mcarnes

macrumors 68000
Mar 14, 2004
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USA! USA!
Thank goodness for cat doors. For months I used to reach in and unlock the door to sneak into my girlfriend's bedroom. That was in high school. Good times. Very lucky her dad never caught me. :)

I guess the moral is, test it for security with someone who has a long arm.
 

madog

macrumors 65816
Nov 25, 2004
1,274
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Korova Milkbar
calculus said:
Don't forget about catflap burgars!

18/08/06 - Cat flap burglars
Two incidents recently in Turners Hill Road, Crawley Down.
A burglary to a house during the daytime, 17th August, offender(s) entered via a rear door which they opened by reaching through the catflap and using a key which had been left in the lock. Not known at this stage what has been stolen. Serial 1387 of the 17/8 refers to this incident.

If I don't have the key to my house or for some reason get locked out, I can easily reach through my cat flap to get into the garage and then into the house. I've also "broken" into my brother's house the same way.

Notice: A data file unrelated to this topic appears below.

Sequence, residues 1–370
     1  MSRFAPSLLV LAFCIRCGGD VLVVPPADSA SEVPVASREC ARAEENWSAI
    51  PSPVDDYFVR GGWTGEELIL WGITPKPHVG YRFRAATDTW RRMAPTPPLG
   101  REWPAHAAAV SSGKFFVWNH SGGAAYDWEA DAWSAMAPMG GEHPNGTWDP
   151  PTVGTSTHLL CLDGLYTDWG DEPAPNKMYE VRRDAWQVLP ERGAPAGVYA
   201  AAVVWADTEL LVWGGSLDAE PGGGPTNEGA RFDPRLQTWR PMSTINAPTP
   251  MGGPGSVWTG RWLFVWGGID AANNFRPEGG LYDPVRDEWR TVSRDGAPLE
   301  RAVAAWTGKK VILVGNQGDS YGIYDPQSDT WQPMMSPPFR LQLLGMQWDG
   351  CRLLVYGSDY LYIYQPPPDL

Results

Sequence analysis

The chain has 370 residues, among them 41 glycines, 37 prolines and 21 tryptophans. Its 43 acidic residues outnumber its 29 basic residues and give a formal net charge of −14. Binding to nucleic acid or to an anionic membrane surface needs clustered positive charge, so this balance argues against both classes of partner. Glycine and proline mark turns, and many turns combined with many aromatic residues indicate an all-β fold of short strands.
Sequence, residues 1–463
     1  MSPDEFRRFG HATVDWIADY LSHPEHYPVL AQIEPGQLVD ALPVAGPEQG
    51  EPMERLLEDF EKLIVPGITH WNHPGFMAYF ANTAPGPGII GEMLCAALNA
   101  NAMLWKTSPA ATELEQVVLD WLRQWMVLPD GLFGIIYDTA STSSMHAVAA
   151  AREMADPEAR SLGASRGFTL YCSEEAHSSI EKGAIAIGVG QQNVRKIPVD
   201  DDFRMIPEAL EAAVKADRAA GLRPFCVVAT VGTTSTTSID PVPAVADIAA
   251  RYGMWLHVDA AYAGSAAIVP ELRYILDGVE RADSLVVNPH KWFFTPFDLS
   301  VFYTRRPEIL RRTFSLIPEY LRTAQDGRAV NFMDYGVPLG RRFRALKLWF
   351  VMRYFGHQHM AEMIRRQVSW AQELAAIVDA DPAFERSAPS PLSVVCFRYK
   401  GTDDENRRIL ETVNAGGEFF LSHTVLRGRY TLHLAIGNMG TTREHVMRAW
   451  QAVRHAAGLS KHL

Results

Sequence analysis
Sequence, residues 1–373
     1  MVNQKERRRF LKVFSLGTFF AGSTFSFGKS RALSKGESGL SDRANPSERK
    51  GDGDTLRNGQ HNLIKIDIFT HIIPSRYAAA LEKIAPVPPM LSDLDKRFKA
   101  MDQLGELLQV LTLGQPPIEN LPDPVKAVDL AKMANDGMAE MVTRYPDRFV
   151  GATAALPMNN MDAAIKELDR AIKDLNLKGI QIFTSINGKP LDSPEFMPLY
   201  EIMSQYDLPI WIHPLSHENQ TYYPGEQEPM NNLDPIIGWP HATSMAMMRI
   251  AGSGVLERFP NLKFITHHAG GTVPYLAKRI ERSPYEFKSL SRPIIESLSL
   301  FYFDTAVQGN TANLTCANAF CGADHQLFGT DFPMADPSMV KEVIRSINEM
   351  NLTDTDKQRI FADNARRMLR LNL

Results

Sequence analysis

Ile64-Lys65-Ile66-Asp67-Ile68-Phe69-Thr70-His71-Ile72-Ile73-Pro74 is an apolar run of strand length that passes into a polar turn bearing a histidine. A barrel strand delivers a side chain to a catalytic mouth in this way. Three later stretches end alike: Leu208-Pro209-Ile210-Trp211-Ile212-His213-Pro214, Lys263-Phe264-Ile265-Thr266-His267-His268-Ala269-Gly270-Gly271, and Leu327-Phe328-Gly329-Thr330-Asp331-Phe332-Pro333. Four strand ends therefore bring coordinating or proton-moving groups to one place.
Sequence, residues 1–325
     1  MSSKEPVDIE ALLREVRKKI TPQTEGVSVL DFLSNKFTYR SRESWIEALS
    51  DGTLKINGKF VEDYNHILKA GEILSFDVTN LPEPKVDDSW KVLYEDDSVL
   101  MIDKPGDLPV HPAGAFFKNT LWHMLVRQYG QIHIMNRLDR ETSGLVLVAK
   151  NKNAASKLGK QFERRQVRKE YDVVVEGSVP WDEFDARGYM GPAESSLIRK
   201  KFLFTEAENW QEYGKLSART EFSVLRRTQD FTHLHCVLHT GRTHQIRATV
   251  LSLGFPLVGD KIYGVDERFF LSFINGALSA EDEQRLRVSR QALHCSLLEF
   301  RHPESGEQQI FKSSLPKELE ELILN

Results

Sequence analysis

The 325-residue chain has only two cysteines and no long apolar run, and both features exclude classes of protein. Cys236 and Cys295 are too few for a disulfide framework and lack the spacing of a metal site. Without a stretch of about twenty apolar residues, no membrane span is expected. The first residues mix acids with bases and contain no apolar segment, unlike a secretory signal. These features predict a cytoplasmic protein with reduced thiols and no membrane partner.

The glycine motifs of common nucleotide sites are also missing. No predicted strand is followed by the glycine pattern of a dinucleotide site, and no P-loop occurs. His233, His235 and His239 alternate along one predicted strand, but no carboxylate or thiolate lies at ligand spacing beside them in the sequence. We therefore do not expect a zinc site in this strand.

MultiM

macrumors 6502
May 9, 2006
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TO. I've moved!
Blue Velvet said:
Also, she's worried that a collar could easily turn into a noose if it gets caught in the bushes or trees in the garden.

I just bought my 2 cats breakaway collars. The one cat likes to wrestle with our dog and when the dog gets hold of the collar, it just snaps off without hurting the cat. Silly dog acts like he has a trophy.

Off topic though..